With Poland looking to earn cash and environmentalists trying to save trees, felling in Europe's last primeval forest is provoking clashes
By Marcello Rossi
BIALOWIEZA, Poland, March 24 (Thomson Reuters Foundation) - It's a grey, overcast day in late February, and the town of Białowieża, a small settlement in northeastern Poland, looks undisturbed – almost uninhabited.
But until a few weeks ago, it wasn't unusual to see protests here featuring banner-wielding demonstrators and government officials arriving in black sedans, escorted by the police.
At issue is a series of large-scale logging operations in the nearby forest, which shares a name with the town. Białowieża, a UNESCO World Heritage site, is the largest remaining part of the primeval forest that once stretched across much of Europe.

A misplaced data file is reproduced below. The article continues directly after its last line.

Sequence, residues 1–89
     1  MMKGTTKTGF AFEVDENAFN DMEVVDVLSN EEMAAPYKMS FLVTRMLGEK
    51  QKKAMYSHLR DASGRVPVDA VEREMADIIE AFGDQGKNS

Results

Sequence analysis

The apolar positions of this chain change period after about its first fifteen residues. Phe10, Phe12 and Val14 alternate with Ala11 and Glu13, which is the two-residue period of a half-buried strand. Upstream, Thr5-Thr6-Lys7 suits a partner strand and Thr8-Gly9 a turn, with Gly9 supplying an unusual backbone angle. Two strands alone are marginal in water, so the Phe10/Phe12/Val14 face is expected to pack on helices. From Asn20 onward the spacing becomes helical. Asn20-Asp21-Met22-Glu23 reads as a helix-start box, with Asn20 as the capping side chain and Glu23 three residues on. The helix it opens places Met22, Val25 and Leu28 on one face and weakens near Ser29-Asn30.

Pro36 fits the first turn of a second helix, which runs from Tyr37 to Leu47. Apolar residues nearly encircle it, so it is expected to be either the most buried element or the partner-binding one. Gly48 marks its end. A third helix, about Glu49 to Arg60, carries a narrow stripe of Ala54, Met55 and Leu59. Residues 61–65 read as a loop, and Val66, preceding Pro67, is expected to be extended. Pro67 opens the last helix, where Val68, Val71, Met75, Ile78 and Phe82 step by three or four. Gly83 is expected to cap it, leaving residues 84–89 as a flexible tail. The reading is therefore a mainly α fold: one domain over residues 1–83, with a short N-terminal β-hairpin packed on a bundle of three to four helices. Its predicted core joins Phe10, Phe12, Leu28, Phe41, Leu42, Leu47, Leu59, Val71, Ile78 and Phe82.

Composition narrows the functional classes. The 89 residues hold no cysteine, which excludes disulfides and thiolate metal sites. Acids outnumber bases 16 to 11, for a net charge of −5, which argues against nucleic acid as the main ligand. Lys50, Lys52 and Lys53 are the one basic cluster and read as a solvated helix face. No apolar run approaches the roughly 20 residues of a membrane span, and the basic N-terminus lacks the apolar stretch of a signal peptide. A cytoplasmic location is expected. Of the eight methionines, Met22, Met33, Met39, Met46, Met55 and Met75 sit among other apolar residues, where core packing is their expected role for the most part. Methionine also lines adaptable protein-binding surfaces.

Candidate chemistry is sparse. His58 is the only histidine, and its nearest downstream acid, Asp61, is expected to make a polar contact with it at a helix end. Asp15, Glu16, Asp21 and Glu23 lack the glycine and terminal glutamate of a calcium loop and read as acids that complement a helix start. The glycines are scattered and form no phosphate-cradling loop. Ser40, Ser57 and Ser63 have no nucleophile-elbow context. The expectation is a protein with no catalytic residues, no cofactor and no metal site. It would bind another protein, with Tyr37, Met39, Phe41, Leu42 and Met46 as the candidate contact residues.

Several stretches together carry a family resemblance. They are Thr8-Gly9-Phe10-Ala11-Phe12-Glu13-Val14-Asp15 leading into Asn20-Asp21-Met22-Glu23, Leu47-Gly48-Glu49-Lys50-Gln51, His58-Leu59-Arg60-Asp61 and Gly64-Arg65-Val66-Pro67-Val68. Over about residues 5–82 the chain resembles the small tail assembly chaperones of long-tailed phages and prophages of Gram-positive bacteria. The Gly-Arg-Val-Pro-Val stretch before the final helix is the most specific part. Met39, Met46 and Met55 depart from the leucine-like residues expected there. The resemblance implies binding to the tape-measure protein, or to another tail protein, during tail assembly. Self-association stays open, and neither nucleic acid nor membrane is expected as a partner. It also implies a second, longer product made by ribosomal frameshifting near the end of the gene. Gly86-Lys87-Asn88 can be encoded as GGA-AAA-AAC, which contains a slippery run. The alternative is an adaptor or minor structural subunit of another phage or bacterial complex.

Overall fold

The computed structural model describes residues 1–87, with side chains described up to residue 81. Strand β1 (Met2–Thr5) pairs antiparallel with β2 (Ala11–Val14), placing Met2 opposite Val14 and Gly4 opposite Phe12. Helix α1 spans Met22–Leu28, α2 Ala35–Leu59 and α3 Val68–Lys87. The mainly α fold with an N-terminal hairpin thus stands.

Besides causing rifts in the local community, the dispute over the forest has put further strain on the relationship between the nation's right-wing government and the European Union, leading to a legal battle that is still continuing.
In late February, the advocate-general of the European Court of Justice said Poland had infringed EU laws by increasing logging in the Białowieża forest over the previous two years.
The opinion is not binding, and the European Court will make a final ruling in the coming months.
Poland, which defied two previous orders to halt logging in the forest, has said it will comply with the EU's final ruling.
Opponents of logging have welcomed the government's statement as a vindication of their efforts, but many believe the forest is still in danger.
"This government is not to be trusted," said Adam Bohdan, a biologist with the Wild Poland Foundation in Warsaw, during a visit to several logging sites.